Lois Duncan’s Killing Mr. Griffin was first published in 1978. The summary from the Banned Library podcast provides all of the insight you might need into the plot of this book: “A bunch of kids decide it would be funny to kidnap their teacher but everything goes horribly wrong, mostly because one of them is Bonkers McCrazynuts.” The novel explores the different pressure that are placed on modern teenagers, both by the adults and their peers other. One teacher in particular, Mr. Griffin, becomes the target of student anger by demanding “perfection” of his students, handing out only bad grades, being unfair and overly critical. Killing Mr. Griffin won several awards including the 1982 Massachusetts Children’s Book Award and the 1982–1983 Alabama Camellia Children’s Choice Book Award. In 1997, it was adapted into a made-for-television movie starring, amongst others, Mario Lopez and Michelle Williams.
Killing Mr. Griffin was banned from some California schools in the 1980s (removed from Bonsall Middle School eighth-grade reading list) and challenged in numerous others others (for example, a 1988 challenge at Sinnott Elementary School in Milpitas, California claimed the novel had “no redeeming qualities”). It has been banned and challenged for having themes of violence, murder, drinking, drugs, lying to authority, peer pressure, and smoking. Not all attempts have been successful, however. In 2001, the Greenville school board in South Carolina voted to keep the book after a challenge. Still, according to the American Library Association, Killing Mr. Griffin was the 25th on most challenged book between 2000-2009.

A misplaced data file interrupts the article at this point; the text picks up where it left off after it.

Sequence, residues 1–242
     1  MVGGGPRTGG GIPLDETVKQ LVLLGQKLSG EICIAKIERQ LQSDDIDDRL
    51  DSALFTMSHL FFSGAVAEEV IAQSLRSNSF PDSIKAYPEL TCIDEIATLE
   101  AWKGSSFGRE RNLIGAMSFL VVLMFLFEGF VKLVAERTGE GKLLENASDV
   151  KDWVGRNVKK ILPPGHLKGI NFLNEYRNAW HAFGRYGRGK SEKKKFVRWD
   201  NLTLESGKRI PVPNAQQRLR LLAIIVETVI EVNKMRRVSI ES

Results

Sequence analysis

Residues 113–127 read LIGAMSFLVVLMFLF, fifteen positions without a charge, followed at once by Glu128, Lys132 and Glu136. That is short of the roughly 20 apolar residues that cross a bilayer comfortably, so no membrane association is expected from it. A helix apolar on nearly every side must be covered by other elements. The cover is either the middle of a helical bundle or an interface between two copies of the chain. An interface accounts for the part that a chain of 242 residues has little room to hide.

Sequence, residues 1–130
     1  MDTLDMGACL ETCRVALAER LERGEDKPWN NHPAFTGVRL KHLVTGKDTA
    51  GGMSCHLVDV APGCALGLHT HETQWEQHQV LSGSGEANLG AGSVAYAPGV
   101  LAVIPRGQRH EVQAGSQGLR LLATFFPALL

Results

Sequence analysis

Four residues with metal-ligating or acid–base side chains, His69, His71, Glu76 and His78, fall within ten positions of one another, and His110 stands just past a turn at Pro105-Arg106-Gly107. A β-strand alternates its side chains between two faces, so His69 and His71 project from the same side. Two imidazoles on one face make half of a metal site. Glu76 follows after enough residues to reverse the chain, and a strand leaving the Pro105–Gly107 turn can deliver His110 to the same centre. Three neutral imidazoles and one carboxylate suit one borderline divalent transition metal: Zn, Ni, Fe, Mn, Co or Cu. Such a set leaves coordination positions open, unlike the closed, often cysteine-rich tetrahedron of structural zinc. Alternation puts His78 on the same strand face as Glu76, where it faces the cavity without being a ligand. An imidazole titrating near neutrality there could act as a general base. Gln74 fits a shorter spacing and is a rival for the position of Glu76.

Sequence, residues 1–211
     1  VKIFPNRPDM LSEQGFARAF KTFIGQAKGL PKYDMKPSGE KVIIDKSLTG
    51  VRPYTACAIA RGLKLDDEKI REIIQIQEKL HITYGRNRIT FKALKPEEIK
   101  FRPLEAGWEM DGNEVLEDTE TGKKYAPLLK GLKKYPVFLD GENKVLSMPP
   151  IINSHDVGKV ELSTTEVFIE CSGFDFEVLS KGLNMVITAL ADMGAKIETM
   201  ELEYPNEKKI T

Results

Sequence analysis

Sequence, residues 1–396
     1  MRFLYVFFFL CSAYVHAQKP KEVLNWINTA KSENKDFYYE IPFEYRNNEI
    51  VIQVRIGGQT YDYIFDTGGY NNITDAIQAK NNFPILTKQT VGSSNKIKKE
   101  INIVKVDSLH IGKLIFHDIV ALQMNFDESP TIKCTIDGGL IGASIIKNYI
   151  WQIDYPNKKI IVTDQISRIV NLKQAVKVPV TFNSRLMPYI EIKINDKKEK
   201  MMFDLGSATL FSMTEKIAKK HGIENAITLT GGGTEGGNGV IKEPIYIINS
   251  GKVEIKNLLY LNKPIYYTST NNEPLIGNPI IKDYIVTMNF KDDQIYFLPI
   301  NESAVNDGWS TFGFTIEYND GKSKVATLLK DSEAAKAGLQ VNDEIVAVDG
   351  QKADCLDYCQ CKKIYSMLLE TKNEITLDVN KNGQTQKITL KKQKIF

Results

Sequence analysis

ABOUT THE AUTHOR:
Lois Duncan Steinmetz (April 28, 1934 – June 15, 2016) was born in Philadelphia, Pennsylvania. Duncan’s first widely known novel was Hotel for Dogs (1971). She is credited for pioneering the Young-Adult thrillers/horror genre. Her most famous novels include I Know What you did Last Summer (1973), Summer of Fear (1976), and Killing Mr. Griffin (1978). After her daughter’s murder in 1989, Duncan largely abandoned the horror genre. She wrote poetry and published Who Killed my Daughter? (1992) about her the unsolved murder. Her last published book was a sequel to Who Killed my Daughter? called One for the Wolves (2013). Duncan founded the nonprofit Resource Center for Victims of Violent Deaths, and gave up teen thrillers saying she could no longer stand to write about young women in life-threatening situations.